First Place Fiction: "The Wailing Wall"
by Steve Hill '03
It is the last week of July, and on CNN there is video footage showing thousands of Israelites and Jews from countries around the world making a pilgrimage to the Western Wall. The wall itself is stunning: ancient, desert in color, with small specimens of flora creeping out from the cracks in the massive stones. It is at once alive and inanimate. There are so many there in front of it. They are praying. Before this massive stone edifice, there are black-clad people, dozens deep and dozens long, waiting with patience. When finished, they back away from the wall, facing it. They disappear into the waiting.
A commercial break.
I am in New Hampshire, and out the back door of my parents’ home my mother sits cross-legged in front of her split-rail fence in a nightgown worn sheer by three decades of sleep. She is sitting in a patch of yard turned brown by the summer heat; in an hour or so, when I walk over to her, the grass under my feet will sound like chewing a saltine cracker. The sun is not yet at its apex, so it shines upon her at an angle. I can see the outline of her body within the cotton shell. She is wrinkled and yellow and sad-looking. Her gray hair gleams with oil in the sunlight. When I look at her eyes, they are wide and wandering. Her brain is black and soft behind them.
She has lost her mind.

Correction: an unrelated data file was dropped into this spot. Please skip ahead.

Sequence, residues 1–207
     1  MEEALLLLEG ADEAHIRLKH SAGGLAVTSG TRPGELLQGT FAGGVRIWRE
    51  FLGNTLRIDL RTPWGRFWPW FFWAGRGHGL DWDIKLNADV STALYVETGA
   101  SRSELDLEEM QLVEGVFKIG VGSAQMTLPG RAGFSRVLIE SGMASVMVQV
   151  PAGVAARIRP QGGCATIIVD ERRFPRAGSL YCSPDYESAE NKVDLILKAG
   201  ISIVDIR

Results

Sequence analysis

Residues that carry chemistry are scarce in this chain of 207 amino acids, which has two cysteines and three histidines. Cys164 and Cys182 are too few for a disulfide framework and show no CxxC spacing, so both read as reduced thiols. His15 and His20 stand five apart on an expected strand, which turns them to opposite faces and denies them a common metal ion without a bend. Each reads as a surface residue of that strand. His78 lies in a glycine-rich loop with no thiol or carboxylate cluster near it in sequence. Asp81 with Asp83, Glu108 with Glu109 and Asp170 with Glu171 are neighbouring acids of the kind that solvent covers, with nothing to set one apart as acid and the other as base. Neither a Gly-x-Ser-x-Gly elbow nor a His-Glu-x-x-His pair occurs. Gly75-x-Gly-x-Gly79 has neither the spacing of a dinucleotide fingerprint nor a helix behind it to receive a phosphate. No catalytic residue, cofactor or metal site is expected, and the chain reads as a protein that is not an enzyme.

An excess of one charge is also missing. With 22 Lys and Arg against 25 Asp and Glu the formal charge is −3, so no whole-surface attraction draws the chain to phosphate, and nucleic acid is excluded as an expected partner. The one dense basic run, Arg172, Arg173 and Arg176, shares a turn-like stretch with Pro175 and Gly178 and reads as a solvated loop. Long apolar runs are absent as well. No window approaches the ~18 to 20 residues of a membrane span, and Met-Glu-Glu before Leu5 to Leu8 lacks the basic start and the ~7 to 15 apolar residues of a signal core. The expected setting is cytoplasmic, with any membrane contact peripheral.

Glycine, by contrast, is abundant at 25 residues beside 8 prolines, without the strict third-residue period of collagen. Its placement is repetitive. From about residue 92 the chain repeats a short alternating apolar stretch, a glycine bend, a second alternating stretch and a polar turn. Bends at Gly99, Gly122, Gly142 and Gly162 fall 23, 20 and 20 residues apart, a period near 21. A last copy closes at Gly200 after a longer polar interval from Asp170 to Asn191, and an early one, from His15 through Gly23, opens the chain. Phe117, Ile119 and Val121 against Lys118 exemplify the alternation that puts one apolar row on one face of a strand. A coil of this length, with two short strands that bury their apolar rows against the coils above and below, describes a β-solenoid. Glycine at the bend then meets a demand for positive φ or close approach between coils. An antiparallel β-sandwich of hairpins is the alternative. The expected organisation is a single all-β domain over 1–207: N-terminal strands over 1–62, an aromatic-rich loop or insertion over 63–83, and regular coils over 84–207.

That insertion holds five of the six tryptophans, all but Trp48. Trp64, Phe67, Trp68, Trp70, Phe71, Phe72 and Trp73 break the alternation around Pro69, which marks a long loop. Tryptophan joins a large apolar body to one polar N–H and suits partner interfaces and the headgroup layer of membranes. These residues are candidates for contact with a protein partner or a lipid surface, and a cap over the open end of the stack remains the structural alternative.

An entire package of Post-It notes adorns the horizontal sections of the fence, each with an illegible prayer written upon it. The notes vibrate with the stale and humid breeze. I think of baseball cards pattering in bicycle spokes. She is laughing and crying at the same time, and the only words she’s spoken in the last three days have been “CNN,” “Pecker,” and “Tisha B’Av.” She saw the news article I also saw earlier this morning, and now she thinks she’s Jewish, has made this wooden fence her wall to wail on.
Occasionally, curtains in the homes of her neighbors ruffle, a face appears, pitying. This is for my mother. This is for me, too, standing there in the window of the dining room, curtains thrown behind me, sectioned glass in front of me.
My mother laughs and cries, laughs and cries, but not maniacally. Her laugh is how I remember it: resolute, yet daydreamy. She holds her arms out, leans her head to touch the weathered middle rail. Her words come out in a pulp.
Thank God, I think, that she can still laugh.